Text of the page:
PARIS (Reuters) - France’s National Assembly (lower house of parliament) will vote to adopt a counter-terrorism bill on Tuesday, including measures to increase police and intelligence agency powers when there is a security threat or reason to believe an attack is planned.
The bill, still subject to amendments but expected to be definitively approved by mid-October, will transpose into law several powers granted to the police and other agencies under a state of emergency that began in November 2015, after the Islamist attacks in Paris that killed 130 people.
The state of emergency, the most sweeping anti-terrorism powers in Europe, will expire at the end of October.
Below is an outline of the measures that will come into force if the bill passes into law. Human rights and legal experts have raised concerns about the sweep of the proposals, including the fact that in some cases the interior ministry would be able to act without judicial oversight.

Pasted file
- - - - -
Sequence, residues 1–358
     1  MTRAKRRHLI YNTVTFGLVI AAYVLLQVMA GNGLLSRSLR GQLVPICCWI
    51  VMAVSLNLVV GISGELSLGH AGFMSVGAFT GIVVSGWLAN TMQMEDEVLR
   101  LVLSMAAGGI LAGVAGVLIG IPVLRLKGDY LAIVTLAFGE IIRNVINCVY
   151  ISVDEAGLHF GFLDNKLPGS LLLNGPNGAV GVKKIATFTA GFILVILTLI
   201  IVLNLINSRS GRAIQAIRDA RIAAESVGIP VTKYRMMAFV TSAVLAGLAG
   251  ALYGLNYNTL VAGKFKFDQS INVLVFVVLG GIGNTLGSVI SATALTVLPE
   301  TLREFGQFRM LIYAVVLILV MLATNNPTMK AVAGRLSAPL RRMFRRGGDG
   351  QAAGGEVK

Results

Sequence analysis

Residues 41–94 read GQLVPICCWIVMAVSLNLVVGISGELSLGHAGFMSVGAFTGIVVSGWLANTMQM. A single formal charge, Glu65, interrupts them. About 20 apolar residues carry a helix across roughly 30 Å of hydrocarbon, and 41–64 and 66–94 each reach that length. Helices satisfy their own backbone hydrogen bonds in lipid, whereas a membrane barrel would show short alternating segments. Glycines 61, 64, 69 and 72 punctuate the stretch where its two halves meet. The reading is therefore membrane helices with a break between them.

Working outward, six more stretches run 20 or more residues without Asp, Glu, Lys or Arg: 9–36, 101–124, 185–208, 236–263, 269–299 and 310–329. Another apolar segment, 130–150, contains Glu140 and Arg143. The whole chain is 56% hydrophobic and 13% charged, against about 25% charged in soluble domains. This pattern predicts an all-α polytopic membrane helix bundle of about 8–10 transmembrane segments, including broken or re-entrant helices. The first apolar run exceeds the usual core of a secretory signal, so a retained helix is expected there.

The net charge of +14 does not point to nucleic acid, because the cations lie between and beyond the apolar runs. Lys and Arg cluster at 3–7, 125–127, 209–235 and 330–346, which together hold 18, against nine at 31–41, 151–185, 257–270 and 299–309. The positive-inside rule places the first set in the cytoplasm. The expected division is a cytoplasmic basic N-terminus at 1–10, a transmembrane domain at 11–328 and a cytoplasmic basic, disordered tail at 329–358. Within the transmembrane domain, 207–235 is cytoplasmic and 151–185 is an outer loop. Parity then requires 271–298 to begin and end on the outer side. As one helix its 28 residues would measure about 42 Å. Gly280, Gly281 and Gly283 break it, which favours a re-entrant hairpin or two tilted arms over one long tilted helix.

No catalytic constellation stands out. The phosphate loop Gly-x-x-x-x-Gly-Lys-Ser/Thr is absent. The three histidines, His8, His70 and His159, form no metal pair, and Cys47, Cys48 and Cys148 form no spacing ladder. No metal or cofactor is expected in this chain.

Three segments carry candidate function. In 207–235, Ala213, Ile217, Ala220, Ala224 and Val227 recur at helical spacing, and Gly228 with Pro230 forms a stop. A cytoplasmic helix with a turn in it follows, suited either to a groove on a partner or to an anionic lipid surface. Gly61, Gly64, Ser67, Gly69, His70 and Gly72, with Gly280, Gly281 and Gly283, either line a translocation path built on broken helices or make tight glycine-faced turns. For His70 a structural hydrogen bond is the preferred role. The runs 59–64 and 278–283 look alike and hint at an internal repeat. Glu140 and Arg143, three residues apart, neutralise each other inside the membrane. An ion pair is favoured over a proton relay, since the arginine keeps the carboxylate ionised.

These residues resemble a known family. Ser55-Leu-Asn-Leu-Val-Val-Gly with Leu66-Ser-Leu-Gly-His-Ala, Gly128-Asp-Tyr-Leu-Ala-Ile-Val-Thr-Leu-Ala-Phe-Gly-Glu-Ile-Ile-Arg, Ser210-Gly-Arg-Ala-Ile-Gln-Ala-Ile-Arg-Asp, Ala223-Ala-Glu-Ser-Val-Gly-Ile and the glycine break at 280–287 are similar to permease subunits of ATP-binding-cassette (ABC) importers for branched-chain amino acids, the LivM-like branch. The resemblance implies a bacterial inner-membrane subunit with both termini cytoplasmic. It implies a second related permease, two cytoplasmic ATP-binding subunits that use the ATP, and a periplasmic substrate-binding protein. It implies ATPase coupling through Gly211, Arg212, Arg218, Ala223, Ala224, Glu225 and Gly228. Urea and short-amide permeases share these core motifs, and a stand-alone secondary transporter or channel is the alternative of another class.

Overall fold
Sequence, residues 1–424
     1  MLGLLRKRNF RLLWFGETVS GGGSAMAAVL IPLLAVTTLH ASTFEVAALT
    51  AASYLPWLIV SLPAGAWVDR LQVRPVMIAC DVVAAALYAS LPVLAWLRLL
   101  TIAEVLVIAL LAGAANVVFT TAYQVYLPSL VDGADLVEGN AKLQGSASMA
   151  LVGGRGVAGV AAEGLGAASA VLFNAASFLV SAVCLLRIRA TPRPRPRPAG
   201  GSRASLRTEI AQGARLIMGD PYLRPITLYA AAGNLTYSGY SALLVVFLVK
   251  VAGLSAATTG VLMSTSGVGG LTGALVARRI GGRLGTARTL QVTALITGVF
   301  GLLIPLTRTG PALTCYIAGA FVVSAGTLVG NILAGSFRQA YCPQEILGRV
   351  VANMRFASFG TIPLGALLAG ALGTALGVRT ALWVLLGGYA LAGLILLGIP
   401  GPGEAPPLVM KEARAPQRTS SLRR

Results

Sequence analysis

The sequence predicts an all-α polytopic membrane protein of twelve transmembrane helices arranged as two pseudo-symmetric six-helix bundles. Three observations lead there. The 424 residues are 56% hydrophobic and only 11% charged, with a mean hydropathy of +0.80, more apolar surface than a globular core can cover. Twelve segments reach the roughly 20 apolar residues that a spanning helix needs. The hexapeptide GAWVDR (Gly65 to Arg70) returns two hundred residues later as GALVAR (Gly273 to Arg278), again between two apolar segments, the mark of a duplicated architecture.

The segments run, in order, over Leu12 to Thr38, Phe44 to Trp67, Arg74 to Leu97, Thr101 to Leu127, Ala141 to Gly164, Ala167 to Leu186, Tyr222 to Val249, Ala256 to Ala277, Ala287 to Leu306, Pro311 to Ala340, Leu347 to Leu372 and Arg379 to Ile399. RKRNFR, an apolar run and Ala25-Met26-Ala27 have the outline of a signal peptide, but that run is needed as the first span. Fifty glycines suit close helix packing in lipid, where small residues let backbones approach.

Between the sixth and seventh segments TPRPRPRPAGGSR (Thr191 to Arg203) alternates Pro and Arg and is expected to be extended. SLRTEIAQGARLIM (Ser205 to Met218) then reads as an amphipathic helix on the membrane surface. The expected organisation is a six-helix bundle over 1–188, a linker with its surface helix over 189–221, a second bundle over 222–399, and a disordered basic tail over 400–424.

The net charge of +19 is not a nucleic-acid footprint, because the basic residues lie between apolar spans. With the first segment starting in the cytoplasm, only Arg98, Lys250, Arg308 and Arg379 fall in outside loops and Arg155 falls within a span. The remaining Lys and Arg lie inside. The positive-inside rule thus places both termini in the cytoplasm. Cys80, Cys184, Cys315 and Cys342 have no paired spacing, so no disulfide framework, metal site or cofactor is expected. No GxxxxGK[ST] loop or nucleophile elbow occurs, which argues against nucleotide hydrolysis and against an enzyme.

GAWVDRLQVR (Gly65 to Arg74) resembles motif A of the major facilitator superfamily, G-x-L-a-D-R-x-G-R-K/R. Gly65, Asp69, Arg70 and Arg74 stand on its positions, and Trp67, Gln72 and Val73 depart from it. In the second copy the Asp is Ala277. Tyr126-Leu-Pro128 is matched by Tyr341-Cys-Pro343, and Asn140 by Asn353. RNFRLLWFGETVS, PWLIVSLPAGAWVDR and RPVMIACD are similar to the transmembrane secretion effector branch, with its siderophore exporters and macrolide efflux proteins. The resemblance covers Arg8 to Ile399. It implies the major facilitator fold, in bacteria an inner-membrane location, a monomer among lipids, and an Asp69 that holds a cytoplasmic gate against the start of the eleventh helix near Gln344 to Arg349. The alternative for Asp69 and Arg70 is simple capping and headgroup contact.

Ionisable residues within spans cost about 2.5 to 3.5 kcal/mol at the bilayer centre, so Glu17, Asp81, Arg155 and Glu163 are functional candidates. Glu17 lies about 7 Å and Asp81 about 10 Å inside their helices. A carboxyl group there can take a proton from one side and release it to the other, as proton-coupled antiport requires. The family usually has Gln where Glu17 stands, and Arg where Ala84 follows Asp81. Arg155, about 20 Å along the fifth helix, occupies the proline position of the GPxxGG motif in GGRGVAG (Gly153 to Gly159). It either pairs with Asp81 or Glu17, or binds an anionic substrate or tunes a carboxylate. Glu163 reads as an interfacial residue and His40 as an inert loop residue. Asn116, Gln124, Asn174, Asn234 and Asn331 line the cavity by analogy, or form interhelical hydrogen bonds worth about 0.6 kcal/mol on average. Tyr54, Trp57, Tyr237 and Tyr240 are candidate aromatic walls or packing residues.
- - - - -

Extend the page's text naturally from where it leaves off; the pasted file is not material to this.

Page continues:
Under the proposals, the legislation would remain in place until at least 2021, and the government will have to report to parliament annually on how it is using the new powers.
Reporting by Paris bureau; Editing by Richard Balmforth